On the date for first flying: probably need 6-8 weeks after the structure is really OK to get all the systems and wiring in. Then can imagine count down activities to flying.

Do you know anything about what Domninic reports that power on date not moved but first flight is? That seems odd to me and not related to fasteners--is something else happening as well?

Anonymous said...

It's beginning to look like the potential negative legal, financial, and PR consequences resulting from the unfolding "Tale of the Potemkin Dreamliner," could make the process of recovering from the "Defense Procurement Scandal of '03" and/or the "Industrialisation Meltdown of '97-98" seem like relative cakewalks.


Anonymous said...

It really sucks.

Anonymous said...

Forget the A350 MK**, the 787 is fast becoming the A380 development saga MKII. And whats even more worrying is the fact that there are C750 orders for the 787 V's C150 for the A380, hence the risk more compensation claims against Boeing if they screw the 787 up.

Anonymous said...


Anonymous said...

funnier than the movie 'airplane'!

Anonymous said...

Not to tell tales out of school, but there was a study done in 2004 that actually used the concept of 'perfect storm' to describe to management all the risks involved in simultaneous relaxing along the multitude of axes as this program has been doing.

Perhaps, jon could get someone to tell him about that.

Looks like people knew there were delays coming along the pike (it was not smart to hide this). Was it a good move (sleight of hand) to then bring out the empty shell with the now known (if jon's sources are reporting to us correctly) bad side effects?

Actually, for Boeing to be more open about all this would help stop chewing up the goodwill. How will we know?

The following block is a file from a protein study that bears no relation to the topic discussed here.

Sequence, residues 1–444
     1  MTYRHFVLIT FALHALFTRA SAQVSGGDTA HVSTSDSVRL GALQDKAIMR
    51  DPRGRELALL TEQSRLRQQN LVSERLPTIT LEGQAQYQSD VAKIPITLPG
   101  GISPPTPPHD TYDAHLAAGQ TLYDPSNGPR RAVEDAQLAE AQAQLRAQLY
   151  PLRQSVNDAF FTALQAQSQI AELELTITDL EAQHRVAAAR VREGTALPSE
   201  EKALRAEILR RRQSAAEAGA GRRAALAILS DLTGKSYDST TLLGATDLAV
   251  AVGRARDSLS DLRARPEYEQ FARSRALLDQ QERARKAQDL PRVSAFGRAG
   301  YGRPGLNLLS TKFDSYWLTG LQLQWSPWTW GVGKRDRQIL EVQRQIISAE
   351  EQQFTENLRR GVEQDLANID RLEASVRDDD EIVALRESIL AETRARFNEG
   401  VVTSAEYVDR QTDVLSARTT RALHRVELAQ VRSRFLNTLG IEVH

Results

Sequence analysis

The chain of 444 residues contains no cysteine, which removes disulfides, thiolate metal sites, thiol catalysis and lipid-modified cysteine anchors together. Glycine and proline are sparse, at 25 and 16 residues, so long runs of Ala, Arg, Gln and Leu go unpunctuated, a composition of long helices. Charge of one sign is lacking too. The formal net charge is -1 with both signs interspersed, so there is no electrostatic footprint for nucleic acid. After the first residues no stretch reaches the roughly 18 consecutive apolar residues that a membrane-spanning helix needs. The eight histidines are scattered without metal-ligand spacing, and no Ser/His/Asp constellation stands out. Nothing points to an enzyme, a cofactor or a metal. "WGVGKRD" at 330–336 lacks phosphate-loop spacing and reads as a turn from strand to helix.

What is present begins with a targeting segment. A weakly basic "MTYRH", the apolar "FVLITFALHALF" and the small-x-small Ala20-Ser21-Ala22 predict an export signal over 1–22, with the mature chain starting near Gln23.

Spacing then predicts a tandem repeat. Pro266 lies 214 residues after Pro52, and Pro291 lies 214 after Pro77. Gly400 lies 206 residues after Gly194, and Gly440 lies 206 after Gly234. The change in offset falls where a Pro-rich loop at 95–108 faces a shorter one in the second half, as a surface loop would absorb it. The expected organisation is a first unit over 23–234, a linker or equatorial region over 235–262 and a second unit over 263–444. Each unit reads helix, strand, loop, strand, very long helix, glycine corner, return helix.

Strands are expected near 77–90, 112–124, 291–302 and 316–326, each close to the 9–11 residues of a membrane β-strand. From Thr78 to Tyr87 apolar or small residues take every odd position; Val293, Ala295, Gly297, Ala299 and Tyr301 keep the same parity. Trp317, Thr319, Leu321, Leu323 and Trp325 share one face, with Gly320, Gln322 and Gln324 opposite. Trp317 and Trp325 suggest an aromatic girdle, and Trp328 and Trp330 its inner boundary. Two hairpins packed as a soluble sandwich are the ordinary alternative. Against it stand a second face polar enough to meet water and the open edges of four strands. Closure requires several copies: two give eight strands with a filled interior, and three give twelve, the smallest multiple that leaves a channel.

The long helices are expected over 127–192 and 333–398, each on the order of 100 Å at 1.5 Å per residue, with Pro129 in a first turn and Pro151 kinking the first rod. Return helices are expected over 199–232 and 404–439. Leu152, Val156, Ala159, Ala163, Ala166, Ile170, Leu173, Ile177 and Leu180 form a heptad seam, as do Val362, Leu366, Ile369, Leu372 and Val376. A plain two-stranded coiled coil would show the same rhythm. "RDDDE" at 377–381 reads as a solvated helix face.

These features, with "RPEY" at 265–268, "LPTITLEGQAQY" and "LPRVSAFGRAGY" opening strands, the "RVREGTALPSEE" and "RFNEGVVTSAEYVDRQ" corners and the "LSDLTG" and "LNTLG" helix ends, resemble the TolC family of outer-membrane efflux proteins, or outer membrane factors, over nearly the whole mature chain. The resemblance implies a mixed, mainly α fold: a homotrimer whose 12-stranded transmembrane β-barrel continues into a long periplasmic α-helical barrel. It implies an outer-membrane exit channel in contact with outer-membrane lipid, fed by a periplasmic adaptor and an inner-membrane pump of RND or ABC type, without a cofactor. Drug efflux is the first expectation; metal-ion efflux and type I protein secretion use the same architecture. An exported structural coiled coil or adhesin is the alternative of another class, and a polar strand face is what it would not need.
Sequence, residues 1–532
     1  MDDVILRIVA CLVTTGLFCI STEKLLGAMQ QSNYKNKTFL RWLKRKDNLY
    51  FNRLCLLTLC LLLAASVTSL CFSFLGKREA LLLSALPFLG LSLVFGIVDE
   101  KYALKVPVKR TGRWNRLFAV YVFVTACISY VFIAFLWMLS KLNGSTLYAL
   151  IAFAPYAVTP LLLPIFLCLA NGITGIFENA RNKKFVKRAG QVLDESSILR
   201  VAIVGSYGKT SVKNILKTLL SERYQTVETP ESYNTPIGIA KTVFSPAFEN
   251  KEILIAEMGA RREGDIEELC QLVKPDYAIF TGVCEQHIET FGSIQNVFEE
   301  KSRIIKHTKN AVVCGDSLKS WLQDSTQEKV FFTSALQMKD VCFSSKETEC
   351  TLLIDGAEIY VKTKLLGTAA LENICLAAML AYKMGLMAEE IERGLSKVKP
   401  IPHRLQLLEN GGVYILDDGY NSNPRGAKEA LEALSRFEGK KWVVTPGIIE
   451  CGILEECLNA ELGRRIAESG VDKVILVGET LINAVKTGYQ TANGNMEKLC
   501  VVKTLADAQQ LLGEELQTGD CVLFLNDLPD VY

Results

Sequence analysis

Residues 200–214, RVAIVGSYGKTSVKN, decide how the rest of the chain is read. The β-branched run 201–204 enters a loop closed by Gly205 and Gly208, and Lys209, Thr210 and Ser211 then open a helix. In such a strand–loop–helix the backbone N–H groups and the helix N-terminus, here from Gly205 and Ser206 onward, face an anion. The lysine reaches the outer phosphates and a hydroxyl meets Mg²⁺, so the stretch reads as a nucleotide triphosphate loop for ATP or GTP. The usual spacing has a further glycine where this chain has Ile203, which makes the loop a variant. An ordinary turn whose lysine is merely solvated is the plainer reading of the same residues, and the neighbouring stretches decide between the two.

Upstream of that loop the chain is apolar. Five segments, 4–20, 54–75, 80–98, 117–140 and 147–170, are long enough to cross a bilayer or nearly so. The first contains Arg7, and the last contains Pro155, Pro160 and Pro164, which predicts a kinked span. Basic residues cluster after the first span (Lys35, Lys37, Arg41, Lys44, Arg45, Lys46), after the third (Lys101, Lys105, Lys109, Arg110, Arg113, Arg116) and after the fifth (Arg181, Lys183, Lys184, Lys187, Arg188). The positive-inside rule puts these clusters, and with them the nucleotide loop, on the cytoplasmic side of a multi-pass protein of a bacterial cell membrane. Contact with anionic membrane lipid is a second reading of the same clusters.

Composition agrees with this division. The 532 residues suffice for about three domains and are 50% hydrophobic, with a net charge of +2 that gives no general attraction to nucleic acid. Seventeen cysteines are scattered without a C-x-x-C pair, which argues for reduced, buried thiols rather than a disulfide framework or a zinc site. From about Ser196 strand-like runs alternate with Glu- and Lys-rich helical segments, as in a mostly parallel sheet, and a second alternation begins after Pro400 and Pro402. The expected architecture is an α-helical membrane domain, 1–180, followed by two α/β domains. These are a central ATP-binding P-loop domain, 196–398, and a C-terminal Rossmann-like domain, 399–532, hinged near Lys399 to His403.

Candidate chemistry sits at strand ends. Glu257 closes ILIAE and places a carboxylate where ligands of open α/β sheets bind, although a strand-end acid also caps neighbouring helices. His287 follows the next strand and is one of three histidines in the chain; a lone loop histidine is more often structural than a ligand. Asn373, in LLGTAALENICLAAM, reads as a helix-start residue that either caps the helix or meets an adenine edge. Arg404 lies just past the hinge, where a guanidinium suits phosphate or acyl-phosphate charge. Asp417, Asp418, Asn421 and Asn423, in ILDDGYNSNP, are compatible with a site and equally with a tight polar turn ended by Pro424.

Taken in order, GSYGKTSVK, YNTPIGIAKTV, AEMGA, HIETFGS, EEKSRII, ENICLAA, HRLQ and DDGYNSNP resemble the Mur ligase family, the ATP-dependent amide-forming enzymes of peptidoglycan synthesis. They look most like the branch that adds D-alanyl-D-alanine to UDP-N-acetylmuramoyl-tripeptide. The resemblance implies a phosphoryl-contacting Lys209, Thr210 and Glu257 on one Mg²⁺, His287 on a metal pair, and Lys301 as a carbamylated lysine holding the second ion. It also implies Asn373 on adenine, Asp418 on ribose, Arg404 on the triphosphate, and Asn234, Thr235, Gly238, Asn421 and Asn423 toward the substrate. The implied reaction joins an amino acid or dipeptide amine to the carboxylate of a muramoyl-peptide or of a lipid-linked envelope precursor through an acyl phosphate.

Let's be thankful for the new media.

Anonymous said...

One should note that the R&D issues for the 787 are more challenging than reported. If the first flight for the 787 slips to 12/07 or 01/08, the 787 will not receive technical certification until early 2009.


Because the cold soak trials must be successfully completed during the cold weather test campaign. The aircraft must spend a couple of days in conditions of up to minus 30 degrees Celsius to prove full functionality of all systems under extreme weather conditions. Such trials will include powering up the aircraft, the engines and hydraulic systems after a full 12-hour period at such low temperatures.

The window for 787 cold weather test last until the end of February next year at the latest; that is; if they don't mind doing the cold soak trials in the Antarctic region (!) If Boeing is unable to complete all of the cold weather tests in accordance with EASA and FAA requirements, it would mean the that 787 would not enter into service until Jan/Feb 2009 at the earliest.

Anonymous said...

" ..Carson .. Bair .. September 5th .. a comprehensive update on progress."

I think you've already done it. Your report makes complete sense to me and convincingly explains all the dissension and loose lippage since roll-out. We do love to say I-told-you-so.

This will take more time than some would like but less than others would hope.


Anonymous said...

I thought Unit 1 was Static Test only...not supposed to fly.

Anonymous said...

The US presently seems to be lost in a haze of marketing hype and over-the-top, effectively meaningless product names, such as the Dreamliner.

However, Boeing does carry a lot of weight as an Original Equipment Manufacturer, and based on its past performance credentials, the company obviously has a lot of clout with it's customers. However, past performance is not necessarily indicative on how a future program will perform; and especially not when the OEM does not follow industrial best-practice recommendations that suggest new product developments should use existing processes and tools, the existing organization and demonstrated technologies.

For a successful technology, reality must take precedence over public relations, for nature cannot be fooled.